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The Good of Games

Gaming has a bad image in the public eye, but unjustly so. Get a taste of why gaming is truly a healthy hobby.

I love gaming. But I hate its image. People think it is a childish, nerdy, boring, socially-reclusive real-life-surrogate to act out aggressive power fantasies.

Though they never phrase it that way …

The truth is gaming has a lot to offer the mature, cool, interesting, out-going pacifists living real lives. And of course, the rest of us as well.

So what are the benefits of gaming? For one, it increases your so-called visuospatial skills, meaning you’re better at judging distances, mental rotation tasks and other forms of thinking in 3D. The Scientific American suggests boys score higher on visuospatial skills than girls partly due to the fact that they play more video games.

Think about it, all the racing games where you have to judge at what angle and what speed you can take that turn. Or what about the shooters where you have to keep track of where the enemies are around you while not running off a cliff or into an enemy turret nest. And let’s not forget the puzzle games like Echochrome. That was a definite brain tickle.

But that’s not all. Gaming can be a social activity (Mario Party, Rock Band), an artistic experience (Prince of Persia, Heavenly Sword), an emotional journey (Lost Odyssey, Heavy Rain). There was an interesting article on Kotaku today where the author points out how hard it is to get non-gamers to appreciate games as a mature medium.

And with “mature” we’re not talking foul language and getting too many inside and outside angles of the human body. “Mature” as in a respectable medium on a par with literature and film.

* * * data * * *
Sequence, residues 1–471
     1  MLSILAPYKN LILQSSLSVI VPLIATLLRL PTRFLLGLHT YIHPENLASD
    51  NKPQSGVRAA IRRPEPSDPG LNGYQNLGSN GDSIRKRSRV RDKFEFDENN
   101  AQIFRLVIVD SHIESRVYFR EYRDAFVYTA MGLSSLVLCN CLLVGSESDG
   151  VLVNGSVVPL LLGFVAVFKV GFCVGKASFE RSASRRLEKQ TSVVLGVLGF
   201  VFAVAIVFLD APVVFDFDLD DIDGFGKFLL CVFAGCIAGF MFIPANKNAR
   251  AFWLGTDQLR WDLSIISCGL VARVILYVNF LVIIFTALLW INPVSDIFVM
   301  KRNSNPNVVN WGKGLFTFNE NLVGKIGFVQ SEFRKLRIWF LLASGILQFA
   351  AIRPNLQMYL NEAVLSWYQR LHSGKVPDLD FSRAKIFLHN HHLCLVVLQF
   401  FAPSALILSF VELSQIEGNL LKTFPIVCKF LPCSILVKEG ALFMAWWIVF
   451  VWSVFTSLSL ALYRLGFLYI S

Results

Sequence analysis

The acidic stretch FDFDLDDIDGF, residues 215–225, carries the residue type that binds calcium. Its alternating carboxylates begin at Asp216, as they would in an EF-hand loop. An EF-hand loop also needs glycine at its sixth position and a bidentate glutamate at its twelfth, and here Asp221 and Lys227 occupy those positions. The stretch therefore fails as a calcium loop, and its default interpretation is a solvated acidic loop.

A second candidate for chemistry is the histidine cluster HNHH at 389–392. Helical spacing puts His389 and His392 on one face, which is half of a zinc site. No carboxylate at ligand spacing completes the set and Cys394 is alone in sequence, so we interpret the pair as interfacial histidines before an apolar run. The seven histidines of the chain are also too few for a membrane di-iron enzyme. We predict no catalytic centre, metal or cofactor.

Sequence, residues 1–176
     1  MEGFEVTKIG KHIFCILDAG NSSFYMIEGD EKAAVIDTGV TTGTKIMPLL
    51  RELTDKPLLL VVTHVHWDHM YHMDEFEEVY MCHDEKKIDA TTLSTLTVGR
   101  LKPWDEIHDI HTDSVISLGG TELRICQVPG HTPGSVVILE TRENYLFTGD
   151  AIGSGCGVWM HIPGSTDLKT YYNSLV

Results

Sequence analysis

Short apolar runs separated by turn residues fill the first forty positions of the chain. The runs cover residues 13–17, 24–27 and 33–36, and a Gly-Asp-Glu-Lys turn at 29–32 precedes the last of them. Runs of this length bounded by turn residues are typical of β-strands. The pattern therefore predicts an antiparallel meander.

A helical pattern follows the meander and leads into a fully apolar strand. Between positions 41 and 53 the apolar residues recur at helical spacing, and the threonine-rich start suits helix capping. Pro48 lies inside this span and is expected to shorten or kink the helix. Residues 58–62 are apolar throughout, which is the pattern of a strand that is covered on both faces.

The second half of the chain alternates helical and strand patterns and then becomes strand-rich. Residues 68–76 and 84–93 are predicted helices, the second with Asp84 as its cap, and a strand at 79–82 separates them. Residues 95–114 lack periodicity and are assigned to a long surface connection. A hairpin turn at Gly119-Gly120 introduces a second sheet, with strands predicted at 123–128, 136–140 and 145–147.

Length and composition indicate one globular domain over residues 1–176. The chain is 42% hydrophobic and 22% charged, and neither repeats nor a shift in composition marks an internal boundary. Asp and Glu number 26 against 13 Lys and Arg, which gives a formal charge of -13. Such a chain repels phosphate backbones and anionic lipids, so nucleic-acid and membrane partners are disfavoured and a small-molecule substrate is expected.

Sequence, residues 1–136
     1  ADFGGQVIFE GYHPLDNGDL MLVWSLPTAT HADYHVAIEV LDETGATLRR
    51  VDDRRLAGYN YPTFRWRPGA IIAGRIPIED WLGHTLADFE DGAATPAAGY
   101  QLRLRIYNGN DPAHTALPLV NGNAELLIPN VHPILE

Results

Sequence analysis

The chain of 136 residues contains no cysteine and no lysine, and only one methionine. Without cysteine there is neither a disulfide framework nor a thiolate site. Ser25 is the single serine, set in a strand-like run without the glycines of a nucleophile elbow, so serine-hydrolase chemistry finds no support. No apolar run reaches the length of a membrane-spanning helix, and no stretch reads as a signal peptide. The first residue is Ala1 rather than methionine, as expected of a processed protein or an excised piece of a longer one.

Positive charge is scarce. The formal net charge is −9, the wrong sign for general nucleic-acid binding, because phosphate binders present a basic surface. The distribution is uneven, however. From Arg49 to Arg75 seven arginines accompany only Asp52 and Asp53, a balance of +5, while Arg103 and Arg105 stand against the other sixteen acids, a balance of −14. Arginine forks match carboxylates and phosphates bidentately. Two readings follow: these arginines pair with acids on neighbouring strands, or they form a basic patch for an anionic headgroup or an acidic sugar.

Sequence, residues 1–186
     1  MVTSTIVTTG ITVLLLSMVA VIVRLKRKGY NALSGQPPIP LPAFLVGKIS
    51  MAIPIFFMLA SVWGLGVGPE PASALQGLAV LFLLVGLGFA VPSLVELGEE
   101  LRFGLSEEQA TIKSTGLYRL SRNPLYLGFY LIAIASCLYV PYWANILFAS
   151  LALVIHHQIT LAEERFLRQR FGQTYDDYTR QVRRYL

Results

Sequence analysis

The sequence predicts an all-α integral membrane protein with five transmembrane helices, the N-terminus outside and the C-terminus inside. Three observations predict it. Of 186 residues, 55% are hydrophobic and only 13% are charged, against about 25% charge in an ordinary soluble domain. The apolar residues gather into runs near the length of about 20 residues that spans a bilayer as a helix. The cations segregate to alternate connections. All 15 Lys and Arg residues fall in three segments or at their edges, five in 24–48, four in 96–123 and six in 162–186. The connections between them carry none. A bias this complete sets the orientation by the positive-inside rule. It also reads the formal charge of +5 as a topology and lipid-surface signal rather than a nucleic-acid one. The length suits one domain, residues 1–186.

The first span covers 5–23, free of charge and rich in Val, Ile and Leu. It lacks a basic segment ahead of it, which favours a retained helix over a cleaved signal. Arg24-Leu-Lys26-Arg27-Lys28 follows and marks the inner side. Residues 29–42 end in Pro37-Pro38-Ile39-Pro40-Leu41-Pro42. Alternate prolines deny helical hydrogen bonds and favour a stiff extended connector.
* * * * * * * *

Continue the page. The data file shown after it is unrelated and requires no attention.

However, it seems to me that gamers keep forgetting that literature and film aren’t appreciated by everyone either. There are enough people that don’t get why anyone would want to read a book for fun. Movies might have a more universal appeal but it is hardly fair competition. People’s only investment in watching a movie is sitting down and keeping their eyes open. Only sleeping is less demanding.

Even leaving this brilliant argument behind, games should still not aspire to be “like” movies and books. A psychologist with the lucky name of Csíkszentmihályi Mihály outlined his now well respected Theory of Flow . Flow Theory states that people truly enjoy an activity when they are optimally challenged.

Basically, when it’s not too easy (boring) or too hard (frustrating). Of course this doesn’t apply to some activities. Sleeping, getting a massage or … watching a movie, hold no challenge and so cannot create flow. It’s like eating. It’s either good or it’s not. You either enjoy it or you don’t, but it has little to do with your skill at eating. Same goes for watching movies and up to a point for reading books. How can games compete with that?

They shouldn’t. Games are interactive, they are a challenge, and they can create an experience of flow. The great thing about that is that experiences of flow are what we humans also consider rewarding and meaningful experiences. So while a good movie or book offers as sense of enjoyment, a good game gets you high on your own personal achievement. For many this will not come as a surprise as Microsoft even gives you pop-ups on the Xbox to tell you that you’ve achieved something. Thanks!

To get back on track, there are of course many books and movies that are not simple entertainment but that change the way you view the world. To pick up this change in view you have to put in mental effort, so this can be considered a type of flow as well. It’s even true that if the book or movie is too easy, you will be bored. While if it’s too hard you will be frustrated.

However, if we confine ourselves to the majority of books and movies out there, then they are mostly pure entertainment having more in common with eating a cheese burger, or possibly a shiny bevel-embossed silver barrel of caviar, than with a rewarding sense of achievement.

So why is the geek-supreme image still the dominant stereotype for us gamers? If games are good for you and offer a more meaningful experience then the mainstream media of movies and books, then why are videogames still the stepchildren of the mass media? Maybe we need to work on our PR. World of Warcraft got B.A. Baracus

Reposted from my article on Think Feel Play.

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